Andy Boyd is entering his second year as director of high school relations with the University of Toledo football team. The Whitmer graduate previously spent four seasons on the staff, as defensive backs coach in 2008 after guiding the outside linebackers from 2005-07. Boyd, 31, was a four-year starter at free safety at UT from 1998-2001. He was a team captain on the 2001 team that won a Mid-American Conference championship and the Motor City Bowl, and finished his career with 331 tackles and 10 interceptions. Boyd was a walk-on in 1997 and earned a scholarship in the spring of 1998.
1. What are your day-to-day responsibilities in your position at UT?
It heavily involves the recruiting of high school kids — film evaluation, creating recruiting boards, organizing the weekly communication with those kids. The best way to put it is I'm a co-recruiting coordinator with [tight ends coach] Alex Golesh.
2. How do you go about putting together a highly rated recruiting class?
It starts at the top, of course. It's the philosophy and the vision that coach [Tim] Beckman has with recruiting and with the future of this football program. Everything that we're doing gets funneled through him. And it's the energy and the hard work that our coaches put into it. You have to have a passion to recruit.
3. How much did the new Fetterman Training Center help in the recruiting process?
I don't think you can put a price tag on how important that thing is. The facilities are eye-candy to a recruit, and it's going to give our kids the opportunity to play football year round.
4. What was the transition from playing to coaching like?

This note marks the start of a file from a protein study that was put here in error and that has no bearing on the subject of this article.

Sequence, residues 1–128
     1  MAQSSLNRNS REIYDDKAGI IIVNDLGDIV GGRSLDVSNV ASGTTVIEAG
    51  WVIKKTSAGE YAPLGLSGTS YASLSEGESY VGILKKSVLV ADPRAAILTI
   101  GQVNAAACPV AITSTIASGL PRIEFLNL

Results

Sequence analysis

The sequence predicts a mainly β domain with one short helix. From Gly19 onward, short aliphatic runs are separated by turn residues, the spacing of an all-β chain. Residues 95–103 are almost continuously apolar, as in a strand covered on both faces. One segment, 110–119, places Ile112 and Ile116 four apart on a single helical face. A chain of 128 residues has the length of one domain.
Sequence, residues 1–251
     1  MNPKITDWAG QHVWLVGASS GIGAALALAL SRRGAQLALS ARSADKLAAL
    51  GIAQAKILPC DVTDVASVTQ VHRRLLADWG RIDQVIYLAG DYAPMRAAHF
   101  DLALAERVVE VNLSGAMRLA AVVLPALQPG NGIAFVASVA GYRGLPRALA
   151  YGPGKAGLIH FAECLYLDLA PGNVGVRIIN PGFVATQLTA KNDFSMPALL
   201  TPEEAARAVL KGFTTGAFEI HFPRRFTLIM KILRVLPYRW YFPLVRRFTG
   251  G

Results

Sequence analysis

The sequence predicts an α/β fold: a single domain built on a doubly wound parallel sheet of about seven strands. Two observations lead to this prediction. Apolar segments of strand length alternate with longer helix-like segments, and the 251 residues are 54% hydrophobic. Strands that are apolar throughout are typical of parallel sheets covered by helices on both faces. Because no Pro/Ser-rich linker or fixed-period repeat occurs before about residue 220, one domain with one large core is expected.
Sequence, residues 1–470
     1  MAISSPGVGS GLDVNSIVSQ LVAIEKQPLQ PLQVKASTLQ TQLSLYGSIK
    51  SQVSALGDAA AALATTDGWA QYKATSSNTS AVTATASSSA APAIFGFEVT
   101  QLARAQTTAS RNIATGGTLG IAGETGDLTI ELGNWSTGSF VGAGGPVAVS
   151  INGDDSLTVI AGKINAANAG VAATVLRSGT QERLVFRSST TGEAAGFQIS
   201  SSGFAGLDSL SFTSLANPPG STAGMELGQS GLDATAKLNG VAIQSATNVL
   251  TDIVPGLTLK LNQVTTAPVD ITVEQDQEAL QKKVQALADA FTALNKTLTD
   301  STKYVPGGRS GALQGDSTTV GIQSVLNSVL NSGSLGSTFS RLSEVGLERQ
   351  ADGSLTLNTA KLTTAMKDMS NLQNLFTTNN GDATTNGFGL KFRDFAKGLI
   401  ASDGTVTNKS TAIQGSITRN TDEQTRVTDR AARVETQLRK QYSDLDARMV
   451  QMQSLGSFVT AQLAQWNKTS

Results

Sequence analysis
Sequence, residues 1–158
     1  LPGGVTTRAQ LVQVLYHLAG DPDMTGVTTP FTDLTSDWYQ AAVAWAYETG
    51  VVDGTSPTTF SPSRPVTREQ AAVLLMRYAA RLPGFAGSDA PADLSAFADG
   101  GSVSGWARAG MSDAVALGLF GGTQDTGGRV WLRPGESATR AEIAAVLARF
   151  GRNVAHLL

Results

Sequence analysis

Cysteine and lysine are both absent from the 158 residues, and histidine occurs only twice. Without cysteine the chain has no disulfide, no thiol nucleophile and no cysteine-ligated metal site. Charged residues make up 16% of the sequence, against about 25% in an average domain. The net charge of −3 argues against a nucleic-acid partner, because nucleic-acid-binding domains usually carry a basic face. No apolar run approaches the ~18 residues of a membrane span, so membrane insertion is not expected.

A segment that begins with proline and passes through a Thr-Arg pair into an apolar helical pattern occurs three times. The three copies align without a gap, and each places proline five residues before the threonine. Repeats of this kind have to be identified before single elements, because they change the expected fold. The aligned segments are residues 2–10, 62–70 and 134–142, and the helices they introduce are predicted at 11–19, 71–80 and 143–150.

Coaching is the next best thing to playing. When you love the game of football, it's in your blood and you just can't shake it. I've been blessed many, many times over again to have been born and raised in this town and lucky enough to play in front of my friends and family and then coach at my alma mater.
5. What are some of your best memories from your days at Whitmer?
I've been going to Whitmer games for as long as I can remember. I'm talking about the days when they had a great streak going in the late '80s and I was 7, 8 years old going to those games drinking hot chocolate in the stands with my dad and my brother and my mom. Whitmer football has always been a proud tradition.
6. What was the rollercoaster of emotions like going from the 2000 season, when your team was one of best in the country not to make it to a bowl, to the next year when you won the Motor City Bowl?
If you're lucky enough to win 20 games in two years, your junior and senior year, that's awfully, awfully special. Looking back on the Penn State victory [in 2000], that was a great accomplishment for our program, and I think we if we played Penn State 10 times, I think we would have won six or seven times. Our team was that good..
7. Do you have a favorite Tom Amstutz story?
I don't know if one story comes to mind, but just the overall attitude that he had is what I remember the most. He was a fun-loving guy, and you knew and understood as a football player that he had your best interests at heart.
8. What have learned while working under Tim Beckman?
Coach Beckman has a tremendous passion to succeed and to positively influence the kids that he's coaching.
9. What's the best part of your job?
I don't feel like I go to work everyday. It's never felt like a drag to get in my car and come to work. It's not something many people have the opportunity to do.
10. Where would you like to see yourself in thefuture?
I would love to continue my career at the University of Toledo. This is home for me, and you can't put a price tag on what that means to my family, what that means to me. My goal would be to become a position coach again and just continue on the path that I'm traveling on – and that's to help kids make their way in the world.
— Zach Silka
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